February 29, 2012

Noah and the Ark: Learning the Story

Image by: Visualphotos.com 

The story of Noah, the ark, the flood, and God's new covenant symbolized by the rainbow set the scene for a fantastic and engaging language arts lesson.  Noah's story is well-known, so using it to learn language arts allows us to really practice key skills.

Does your child know the story about Noah and the Ark?  You can read it in Genesis 6-9:17.  I recommend finding a children's bible you like that has an age-appropriate version of the story.  Sometimes this even helps us adults find the gems in scripture.

1.  Read the story:  If your bible has pictures, take a "picture walk" first.  As you approach each picture, encourage your child to tell you what he sees.  You may wish to point out important things if he doesn't notice them, or you may choose to do a second "picture walk" at the end of the story and see if he discovers them at that time.

2.  Make it real:  Your child needs time to explore the story on his own and with your guidance.  Help him play with the story by recreating it.  What do you have in your home that resembles the ark story?  Maybe you could enact the whole story in the bathtub!  Do you have a toy boat or something that looks like it, such as a Kleenex box?  What kinds of things do you have two of that look alike (legos, Matchbox cars, small animals or dolls, remote controls)?  Could you use a big blue towel for the water?  I picture a bath towel swallowing up animals all arranged two by two in a three-year-old induced tsunami.  This is exactly the idea!  Let him or her play!

If the child is mostly interested in the flood right now, that is okay.  The flood is big, impressive, and important.  He is present in that.  He can see the beautiful meaning of the rainbow tomorrow.  In fact, that's just the way it probably happened for Noah.  I'm sure it was hard for him to remain faithful, trusting God that he would survive this storm.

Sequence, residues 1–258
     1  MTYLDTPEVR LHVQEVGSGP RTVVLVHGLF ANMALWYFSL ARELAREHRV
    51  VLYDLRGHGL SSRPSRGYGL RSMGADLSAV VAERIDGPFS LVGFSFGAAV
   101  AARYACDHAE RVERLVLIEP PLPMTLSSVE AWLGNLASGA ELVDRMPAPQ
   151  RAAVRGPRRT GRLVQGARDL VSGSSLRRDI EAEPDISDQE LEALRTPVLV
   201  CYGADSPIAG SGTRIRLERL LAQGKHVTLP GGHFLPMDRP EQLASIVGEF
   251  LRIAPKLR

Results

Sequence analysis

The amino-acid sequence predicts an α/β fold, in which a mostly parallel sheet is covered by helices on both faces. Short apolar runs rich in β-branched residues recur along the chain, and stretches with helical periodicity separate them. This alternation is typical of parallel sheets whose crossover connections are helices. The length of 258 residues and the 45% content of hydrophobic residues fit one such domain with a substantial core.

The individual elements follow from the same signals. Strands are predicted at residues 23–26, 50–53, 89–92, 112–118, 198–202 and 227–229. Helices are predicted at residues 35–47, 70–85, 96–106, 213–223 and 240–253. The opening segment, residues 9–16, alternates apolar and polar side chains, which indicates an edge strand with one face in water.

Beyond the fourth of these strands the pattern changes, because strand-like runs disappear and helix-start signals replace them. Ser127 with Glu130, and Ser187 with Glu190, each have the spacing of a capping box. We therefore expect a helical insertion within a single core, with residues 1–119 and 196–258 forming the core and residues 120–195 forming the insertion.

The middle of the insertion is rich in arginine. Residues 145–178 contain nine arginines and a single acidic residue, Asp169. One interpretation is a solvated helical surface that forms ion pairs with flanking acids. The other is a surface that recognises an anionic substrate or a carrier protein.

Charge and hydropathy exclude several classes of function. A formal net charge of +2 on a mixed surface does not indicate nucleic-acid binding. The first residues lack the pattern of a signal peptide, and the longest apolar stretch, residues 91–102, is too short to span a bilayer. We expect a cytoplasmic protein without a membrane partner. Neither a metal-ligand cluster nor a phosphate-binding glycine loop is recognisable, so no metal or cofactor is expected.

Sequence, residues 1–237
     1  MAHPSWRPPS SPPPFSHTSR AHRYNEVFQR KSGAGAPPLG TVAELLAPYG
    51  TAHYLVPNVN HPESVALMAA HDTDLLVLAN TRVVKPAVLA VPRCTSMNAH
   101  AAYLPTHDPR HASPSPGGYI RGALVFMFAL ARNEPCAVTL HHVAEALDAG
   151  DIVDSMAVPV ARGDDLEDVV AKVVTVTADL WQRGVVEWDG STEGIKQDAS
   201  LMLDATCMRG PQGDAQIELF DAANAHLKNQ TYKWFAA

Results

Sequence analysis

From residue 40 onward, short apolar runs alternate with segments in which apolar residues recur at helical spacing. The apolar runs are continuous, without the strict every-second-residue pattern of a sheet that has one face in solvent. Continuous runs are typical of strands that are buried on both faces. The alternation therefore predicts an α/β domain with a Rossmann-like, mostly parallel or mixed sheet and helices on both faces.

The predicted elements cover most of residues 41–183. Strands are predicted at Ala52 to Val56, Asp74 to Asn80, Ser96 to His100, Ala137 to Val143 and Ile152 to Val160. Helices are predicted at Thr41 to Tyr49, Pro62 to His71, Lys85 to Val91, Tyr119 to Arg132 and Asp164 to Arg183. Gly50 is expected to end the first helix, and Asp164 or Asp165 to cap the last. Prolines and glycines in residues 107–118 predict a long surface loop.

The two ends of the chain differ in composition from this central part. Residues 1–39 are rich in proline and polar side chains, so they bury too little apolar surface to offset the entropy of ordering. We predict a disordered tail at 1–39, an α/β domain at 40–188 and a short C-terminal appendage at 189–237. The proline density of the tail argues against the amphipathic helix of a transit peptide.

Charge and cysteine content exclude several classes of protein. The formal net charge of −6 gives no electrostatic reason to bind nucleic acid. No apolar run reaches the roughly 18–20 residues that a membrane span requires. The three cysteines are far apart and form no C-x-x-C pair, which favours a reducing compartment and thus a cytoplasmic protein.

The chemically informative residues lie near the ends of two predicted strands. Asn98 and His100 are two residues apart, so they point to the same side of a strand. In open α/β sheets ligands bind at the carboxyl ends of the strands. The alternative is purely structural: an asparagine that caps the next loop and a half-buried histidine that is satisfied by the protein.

3.  Be sure your child recognizes Noah was obedient to God.  Noah trusted God and knew He had his best interests at heart.  Noah's trust in God's care helped him be obedient.  In the same way, children trust that there parents care for them, which helps them to be obedient.

1.  Reread and summarize:  Reread the story, and then encourage your child to summarize it orally or with props.  Ask open questions to see if he recalls the storyline (main events as well as beginning, middle and end), characters, and any big picture stuff (such as the flood, dove, and rainbow).

When you ask questions, consider ways to get broader answers.  For instance, instead of, "Who was Noah?" you might try, "What was Noah like?"  This may work with your little one or it may not.  Figure out what works best for you.  Practice with open questions can help answers like, "A man," develop into, "This guy who built a really big boat, the ark.  And the rain came like this.  And the boat didn't sink.  It floated.  Then, when it was dry, they all came out and there was a great big rainbow!"

2.  Clarify & identify:  Find or print pictures of:  an ark, a flood (or stormy water), dry land, an olive branch, a dove, a man, a family, several animals (two of each), the sun, a rainbow.  Depending on your child's age, interest, and developmental level label or have him help you label the pictures.  Mix them up and have your child identify each one.  Use the pictures again later this week for retelling, and help with writing.

3.  Obtain an empty Kleenex box and paint it brown.  This will become an ark and be used later to play out the story of Noah and the Ark.

Next Time
1.  Play out the story:  In the beginning we practiced.  Now it's time for the big production to show what you remember.  You can use props, pictures, written or spoken words, actions, motions to music, the pictures we printed, or draw a picture.  It doesn't have to be fancy.  Trust me, it can be very simple.  This is a real way though of putting the pieces together to create a coherent understanding in your child's memory.

2.  Use your painted Kleenex box as Noah's ark.  Use small plastic animals or toys to represent the pairs of animals aboard the boat.  Be sure to include Noah and his family as well as a bird to find the olive branch.  This can stay in the play area to be used to retell the story of Noah again and again.